Ten Ways to Beat the Rip-Off Artists While Traveling Print

As a senior traveler, you should always be aware that you’re high on the list of potential victims by scam artists. They know you’re not as agile and quick-thinking as you once were, and they’re ready to rob you, whether in physical robber or to con you into wasting your money. Here are ten ways to avoid dangers and scams while traveling:

1. An effective way to avoid being ripped off while traveling is to dress down. On a cruise, you can strut into the dining room all gussied up in your finest clothing. However, when you go ashore to that quaint little seaside village, don’t wear bright, gaudy clothing, big hat, designer sunglasses, shining jewelry, sagging handbag, camera at the ready, while yakking on your cell phone. Dress sensibly, similar to what middle-class local folks wear. If you look and act like an obvious tourist, you may as well paint a target on your back.

2. If you’re a smart senior traveler ... and you should be after surviving all those years ... you’ll do some homework before you visit unfamiliar places. If you plan to traipse around Moscow, explore Cairo, shop in Paris or chow down in Beijing, get on the internet and find websites that tell of both the positive and negative aspects of those cities. What are the oldest scams in New Delhi? What specific dangers are there for seniors? What neighborhoods should you avoid? What are the typical scams?

3. If you’re ex-Special Forces and believe you can handle yourself in any situation, remember that the last fight you had was 45 years ago. Protect your valuables at all times with a tight-to-the body purse or money belt. Be sure your ID cards are well tucked in. Don’t take them out for anyone other than recognizable officials. Be aware of pickpockets, including that group of charming little kids who want to hug you real tight.

4. Carry a minimum stash of cash. Leave the big bills locked in the hotel or ship’s room safe. Buy a bunch of travelers checks, and use them in cities where you know where the company has offices. It’s also a good idea to do all your currency exchanging at American Express or other reliable office. Use your credit cards sparingly or not at all. Those restaurant receipts you sign make easy targets for thieves to use in making illegal purchases.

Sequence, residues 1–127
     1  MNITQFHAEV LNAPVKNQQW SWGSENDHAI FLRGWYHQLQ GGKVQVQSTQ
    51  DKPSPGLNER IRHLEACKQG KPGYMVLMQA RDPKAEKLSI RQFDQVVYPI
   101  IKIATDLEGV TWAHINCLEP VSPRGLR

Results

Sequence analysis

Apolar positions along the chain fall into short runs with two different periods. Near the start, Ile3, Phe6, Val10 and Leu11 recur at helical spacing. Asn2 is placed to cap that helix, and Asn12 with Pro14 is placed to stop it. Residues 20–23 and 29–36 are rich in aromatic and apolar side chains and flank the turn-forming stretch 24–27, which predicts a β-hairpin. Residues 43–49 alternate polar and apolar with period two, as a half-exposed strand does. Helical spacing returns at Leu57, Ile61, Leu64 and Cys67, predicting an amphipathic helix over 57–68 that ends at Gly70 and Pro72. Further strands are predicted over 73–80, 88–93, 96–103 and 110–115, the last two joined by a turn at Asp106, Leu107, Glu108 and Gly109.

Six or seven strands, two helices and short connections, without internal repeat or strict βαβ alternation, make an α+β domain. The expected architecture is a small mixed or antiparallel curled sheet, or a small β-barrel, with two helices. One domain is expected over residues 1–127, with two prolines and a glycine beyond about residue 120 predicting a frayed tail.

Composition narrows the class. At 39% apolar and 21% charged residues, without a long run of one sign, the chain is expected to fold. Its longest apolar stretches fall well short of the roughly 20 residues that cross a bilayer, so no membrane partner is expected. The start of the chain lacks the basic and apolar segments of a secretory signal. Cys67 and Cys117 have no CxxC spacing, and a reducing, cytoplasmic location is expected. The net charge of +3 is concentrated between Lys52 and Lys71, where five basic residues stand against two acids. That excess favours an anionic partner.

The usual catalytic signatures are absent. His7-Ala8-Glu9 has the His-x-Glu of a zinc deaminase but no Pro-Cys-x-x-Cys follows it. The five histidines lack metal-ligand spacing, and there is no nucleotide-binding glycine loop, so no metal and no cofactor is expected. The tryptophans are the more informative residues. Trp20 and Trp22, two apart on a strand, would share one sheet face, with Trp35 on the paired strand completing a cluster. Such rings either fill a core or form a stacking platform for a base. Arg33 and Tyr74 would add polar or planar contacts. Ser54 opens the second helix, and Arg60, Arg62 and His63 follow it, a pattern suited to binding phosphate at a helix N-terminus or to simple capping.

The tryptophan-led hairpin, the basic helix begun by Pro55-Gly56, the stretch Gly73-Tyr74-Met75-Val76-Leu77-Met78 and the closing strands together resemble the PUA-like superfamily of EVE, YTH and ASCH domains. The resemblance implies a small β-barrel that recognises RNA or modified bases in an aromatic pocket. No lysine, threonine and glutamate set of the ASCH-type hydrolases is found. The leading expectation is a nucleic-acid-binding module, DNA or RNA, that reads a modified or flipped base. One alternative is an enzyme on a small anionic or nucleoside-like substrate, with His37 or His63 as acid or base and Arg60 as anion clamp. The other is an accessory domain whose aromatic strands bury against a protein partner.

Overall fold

5. No matter how attractive they look or are recommended by a friendly taxi driver, don’t wander off well-lighted public areas into questionable neighborhoods. A single senior makes a likely target for thieves, especially in dark areas. Not that there should be any sympathy for muggers, but some cities are known as drug havens for wandering teens, such as Bangkok or Amsterdam. Innocent-looking street teens approaching you for a hand-out, in their desperation can quickly turn violent.

6. Remember back in your summer camp days, when you couldn’t swim in the lake without your buddy? Now that you’re a traveling senior, it’s time to return to the buddy system. Especially if you have a physical handicap, or have just slowed down a bit, a companion can help you climb stairs, monitor your restroom stops, find places to rest and just give you a feeling of security. Muggings are less likely if you’re with another person, or better still, as part of a group.

7. Wherever you’re in a foreign country, know local official phone numbers and where police protection is quickly available. If you’re a traveling U.S. senior citizen, know phone numbers and where American officials’ offices are. Write them down on a wallet card and/or put them on your cell phone click to call list.

8. Drink with moderation, and never booze it up alone. The buddy system is certainly necessary when you know your evening will involve more than just one glass of local wine. If you’re with a group, and you want to spend the night celebrating, it’s a good idea for at least one person to be a non-drinker. Make sure any wine or booze product is authentic. I can remember a terrible incident in my Navy days, when a crooked bar owner in Manila diluted his whiskey with wood alcohol, a potent poison. It caused several deaths and cases of blindness.  

9. Don’t eat food from street carts, skip the home-made cold drinks and stay away from tap water in a foreign city. I know it looks tempting when a TV food gourmet chomps down on stuff from a Hong Kong vendor. Before the camera was on him, you can bet he made sure the food was super clean and thoroughly cooked. When you were younger and roamed the world in the military or as a student, you could eat just about anything. And you did. However, senior stomachs are not as forgiving as young ones, and you don’t want to spoil your travels with midnight sicko sessions in the hotel bathroom, or an emergency trip to the hospital.

10. Let’s just sum it all up for senior travelers. If a taxi driver, guide or smiling stranger in a strange city appears to be too friendly, be on your guard or just walk away. If an offer seems too good to be true, it definitely ain’t true.